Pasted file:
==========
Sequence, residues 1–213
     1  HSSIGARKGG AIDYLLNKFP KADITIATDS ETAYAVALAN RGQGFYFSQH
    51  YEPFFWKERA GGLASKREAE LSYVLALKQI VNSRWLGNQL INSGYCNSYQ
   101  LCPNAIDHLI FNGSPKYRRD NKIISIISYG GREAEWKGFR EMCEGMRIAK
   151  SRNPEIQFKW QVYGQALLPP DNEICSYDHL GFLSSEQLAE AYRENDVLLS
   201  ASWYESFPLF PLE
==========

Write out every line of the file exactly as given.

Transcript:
Sequence, residues 1–213
     1  HSSIGARKGG AIDYLLNKFP KADITIATDS ETAYAVALAN RGQGFYFSQH
    51  YEPFFWKERA GGLASKREAE LSYVLALKQI VNSRWLGNQL INSGYCNSYQ
   101  LCPNAIDHLI FNGSPKYRRD NKIISIISYG GREAEWKGFR EMCEGMRIAK
   151  SRNPEIQFKW QVYGQALLPP DNEICSYDHL GFLSSEQLAE AYRENDVLLS
   201  ASWYESFPLF PLE